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Like the Revolutionary and Civil Wars, the civil rights movement has achieved mythical status in America--an epic tale of heroes and martyrs; of sacrifice, honor, and courage in the face of overwhelming odds; of ideals worth dying for in a time and place where death was an all-too-real possibility. In The Children, prize-winning journalist and author David Halberstam goes back in time to the beginnings of the civil rights movement in Nashville, Tennessee, tracing both the lives of the individuals who initiated it and the growth of the movement itself into its present-day status.
Every epic must have its hero, and The Children has James Lawson, a young, African American divinity student whose tactics in civil disobedience were learned at the knees of Mahatma Gandhi's followers during a three-year stint as a missionary to India. When he returned to the States and was accepted into the all-white Vanderbilt Divinity School, Lawson began teaching workshops to Nashville's African American youth designed to equip them for the equal-rights struggle, a battle Lawson believed could be won only with nonviolent tactics. Halberstam chronicles the fight against racism with the insight that comes from witnessing it first-hand. As a young journalist for the Tennessean in Nashville, he covered the rise of the civil rights movement, and in The Children he draws on many of his writings from the era. From accounts of lunch-counter sit-ins to the freedom rides, Halberstam's book covers the map of the crusade for racial equality, serving as a poignant reminder that heroes come in all ages, colors, and characters. --This text refers to an out of print or unavailable edition of this title.
This re-creation of the early days of the civil rights movement by Halberstam (The Fifties) is at once intimate and monumental. By focusing on a small group of young African Americans who attended the Reverend James Lawson's workshop for nonviolent demonstrators in Nashville in 1959, then went on to play active roles in the movement, he hits the high points of the civil rights struggle and makes them immediate: the Nashville sit-ins; the founding of SNCC and CORE; the Freedom Rides; Bull Connor's attacks in Birmingham; the Klan in Memphis; the first singing of "We Shall Overcome"; the voter registration campaign; Bloody Sunday in Selma; and the march to Montgomery. As the group moves out of Nashville and encounters others in the movement, the book expands with the complexity, but fortunately not the imposed tidiness, of a Victorian novel. While some of the young people's names are familiar (e.g., Marion Barry, John Lewis), most are not, but the portraits of them and the society they lived in and challenged is richly detailed. Halberstam examines the subtle frictions within the movement (middle-class vs. poor, lighter-skinned vs. darker, male vs. female), as well as the often violent struggle against segregationists. A number of brief, informative essays are sandwiched in: on the sociology of all-white Vanderbilt University; the eccentricities of the Nashville newspapers; a history of city politics in Washington, D.C.; the role of the Kennedy Justice Department. Martin Luther King Jr. plays a minor part in this history because the subject is indeed the "children"?the young adults in their late teens or early 20s in 1960, the early idealists who experienced violence in the streets and saw their movement itself turn segregationist (whites were forced out). The last third of the book follows the professional development of the children into adulthood: there was a congressman, a major, several doctors and college professors, a high school teacher and a political gadfly. This book need not have been as long as it is. But it is a masterful achievement in reporting, research and understanding. In a concluding author's note, Halberstam writes of his own experiences as a young reporter covering the civil rights beat. Photos not seen by PW.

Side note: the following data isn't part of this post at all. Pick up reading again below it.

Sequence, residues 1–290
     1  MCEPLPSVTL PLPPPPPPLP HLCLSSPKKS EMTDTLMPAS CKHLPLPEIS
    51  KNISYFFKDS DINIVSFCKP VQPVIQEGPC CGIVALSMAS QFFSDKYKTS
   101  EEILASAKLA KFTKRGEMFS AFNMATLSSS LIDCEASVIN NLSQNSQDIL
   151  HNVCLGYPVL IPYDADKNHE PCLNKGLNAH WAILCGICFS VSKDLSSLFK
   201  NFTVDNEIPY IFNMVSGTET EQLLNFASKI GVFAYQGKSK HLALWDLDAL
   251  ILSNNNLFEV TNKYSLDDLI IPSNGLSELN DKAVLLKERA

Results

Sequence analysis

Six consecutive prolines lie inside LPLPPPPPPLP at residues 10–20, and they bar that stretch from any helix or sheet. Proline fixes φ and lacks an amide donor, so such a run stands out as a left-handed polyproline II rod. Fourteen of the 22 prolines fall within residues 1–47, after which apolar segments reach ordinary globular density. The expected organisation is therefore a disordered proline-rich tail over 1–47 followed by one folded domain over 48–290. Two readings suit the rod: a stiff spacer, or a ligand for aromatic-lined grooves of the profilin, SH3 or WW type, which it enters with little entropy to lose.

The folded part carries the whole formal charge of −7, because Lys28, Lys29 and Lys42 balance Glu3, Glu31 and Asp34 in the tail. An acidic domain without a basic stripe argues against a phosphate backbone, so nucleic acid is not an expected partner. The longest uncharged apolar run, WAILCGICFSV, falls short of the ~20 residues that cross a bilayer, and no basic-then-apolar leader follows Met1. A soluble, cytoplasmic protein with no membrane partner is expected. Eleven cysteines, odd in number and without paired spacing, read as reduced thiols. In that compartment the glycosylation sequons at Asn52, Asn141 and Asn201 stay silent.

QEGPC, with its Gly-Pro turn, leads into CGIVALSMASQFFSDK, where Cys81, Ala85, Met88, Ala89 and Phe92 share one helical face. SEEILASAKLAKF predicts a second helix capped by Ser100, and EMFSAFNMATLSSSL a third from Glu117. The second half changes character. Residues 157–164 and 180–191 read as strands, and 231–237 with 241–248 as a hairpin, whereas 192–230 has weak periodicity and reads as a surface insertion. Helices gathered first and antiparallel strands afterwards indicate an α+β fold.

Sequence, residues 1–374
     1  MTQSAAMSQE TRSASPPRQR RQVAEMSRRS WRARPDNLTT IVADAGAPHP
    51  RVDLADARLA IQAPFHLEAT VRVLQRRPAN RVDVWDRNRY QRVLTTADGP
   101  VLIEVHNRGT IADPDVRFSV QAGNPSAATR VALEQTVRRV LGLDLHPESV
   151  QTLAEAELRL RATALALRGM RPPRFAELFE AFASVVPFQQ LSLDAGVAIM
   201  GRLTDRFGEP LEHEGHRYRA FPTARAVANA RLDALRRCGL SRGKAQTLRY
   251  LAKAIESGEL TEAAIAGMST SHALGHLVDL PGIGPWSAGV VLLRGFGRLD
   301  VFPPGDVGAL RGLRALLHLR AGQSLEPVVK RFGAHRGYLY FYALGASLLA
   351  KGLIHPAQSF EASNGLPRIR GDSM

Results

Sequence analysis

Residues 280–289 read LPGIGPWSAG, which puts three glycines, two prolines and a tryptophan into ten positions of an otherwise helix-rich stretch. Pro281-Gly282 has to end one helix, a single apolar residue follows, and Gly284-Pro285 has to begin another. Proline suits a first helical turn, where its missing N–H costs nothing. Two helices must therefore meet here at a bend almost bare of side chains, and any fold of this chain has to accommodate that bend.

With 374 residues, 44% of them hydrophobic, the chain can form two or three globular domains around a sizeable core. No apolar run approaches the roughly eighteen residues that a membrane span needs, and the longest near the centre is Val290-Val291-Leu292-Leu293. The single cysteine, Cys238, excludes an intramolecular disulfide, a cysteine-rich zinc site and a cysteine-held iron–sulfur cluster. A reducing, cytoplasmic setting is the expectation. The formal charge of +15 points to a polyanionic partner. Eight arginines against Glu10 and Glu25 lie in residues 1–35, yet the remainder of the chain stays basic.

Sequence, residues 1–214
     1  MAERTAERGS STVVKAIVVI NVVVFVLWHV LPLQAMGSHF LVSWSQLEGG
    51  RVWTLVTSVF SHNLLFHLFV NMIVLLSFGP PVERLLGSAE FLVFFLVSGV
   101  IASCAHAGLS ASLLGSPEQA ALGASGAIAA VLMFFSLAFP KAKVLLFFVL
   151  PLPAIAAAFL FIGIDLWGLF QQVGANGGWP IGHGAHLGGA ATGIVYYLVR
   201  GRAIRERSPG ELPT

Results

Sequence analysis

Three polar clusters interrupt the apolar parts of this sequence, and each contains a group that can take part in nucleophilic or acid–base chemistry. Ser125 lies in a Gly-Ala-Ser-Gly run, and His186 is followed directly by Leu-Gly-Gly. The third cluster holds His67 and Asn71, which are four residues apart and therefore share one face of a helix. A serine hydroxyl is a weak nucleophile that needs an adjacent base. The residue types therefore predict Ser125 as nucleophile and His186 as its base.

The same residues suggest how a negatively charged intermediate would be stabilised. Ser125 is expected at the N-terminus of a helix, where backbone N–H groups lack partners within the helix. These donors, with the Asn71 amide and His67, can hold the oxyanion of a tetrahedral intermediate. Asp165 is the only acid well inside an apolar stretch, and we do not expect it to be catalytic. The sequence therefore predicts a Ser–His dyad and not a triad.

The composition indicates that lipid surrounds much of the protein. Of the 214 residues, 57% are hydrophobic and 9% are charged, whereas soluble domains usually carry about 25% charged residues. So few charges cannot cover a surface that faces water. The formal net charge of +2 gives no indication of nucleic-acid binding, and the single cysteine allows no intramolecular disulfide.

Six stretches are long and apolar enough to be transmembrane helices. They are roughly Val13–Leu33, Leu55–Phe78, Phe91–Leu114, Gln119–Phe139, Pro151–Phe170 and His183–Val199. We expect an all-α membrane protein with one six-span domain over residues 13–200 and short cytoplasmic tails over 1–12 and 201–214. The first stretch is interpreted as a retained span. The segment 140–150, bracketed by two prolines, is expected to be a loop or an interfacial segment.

Copyright 1998 Reed Business Information, Inc. --This text refers to an out of print or unavailable edition of this title.
Great book - gives an extensive background on the civil rights leaders you don't hear too much about.Published 29 days ago by Stephanie A
This book tells the stories of some of the courageous and committed young people at the heart of the civil rights movement. While Dr. Read morePublished 1 month ago by James M. Melson
Interesting to meet the actors in one of America's changing, challenging times. I wonder how those who gave so much feel following the activities of places like Cleveland, St. Read morePublished 1 month ago by Judy Kidder
I was fascinated with this book. I was busy raising children when all these marches and protests were going on and missed it. Was very good for me to catch up on history. Read morePublished 2 months ago by Paul H. Eggold
An amazing book that explains much about the key players in lunch counter integration movement of the early 60s grew to take leading roles in the Civil Rights struggle. Read morePublished 2 months ago by Thomas B. Yancey
Interesting, well-written and eye-opening story of the courageous young people who fought against racial discrimination in the late 50's and 60's.Published 2 months ago by JACQUELINE MENDENHALL
Should be required reading for anyone who wants to understand the civil rights movement.Published 3 months ago by Kindle Customer
A fascinating, inside account of the young, idealistic students who started a revolution. Only David Halberstam could have told this story with such skill and integrity. Read morePublished 3 months ago by Samuel H. DeShazer
Lots of good profiles and stories of extraordinarily courageous college students, whose suffering on behalf of basic civil and human rights for black people provided the catalyst... Read morePublished 3 months ago by Philip